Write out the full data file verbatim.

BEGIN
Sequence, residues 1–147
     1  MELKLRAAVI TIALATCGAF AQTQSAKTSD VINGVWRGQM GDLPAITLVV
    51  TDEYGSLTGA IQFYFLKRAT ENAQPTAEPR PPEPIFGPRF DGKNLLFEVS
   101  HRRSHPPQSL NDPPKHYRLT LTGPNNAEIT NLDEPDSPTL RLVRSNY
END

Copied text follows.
Sequence, residues 1–147
     1  MELKLRAAVI TIALATCGAF AQTQSAKTSD VINGVWRGQM GDLPAITLVV
    51  TDEYGSLTGA IQFYFLKRAT ENAQPTAEPR PPEPIFGPRF DGKNLLFEVS
   101  HRRSHPPQSL NDPPKHYRLT LTGPNNAEIT NLDEPDSPTL RLVRSNY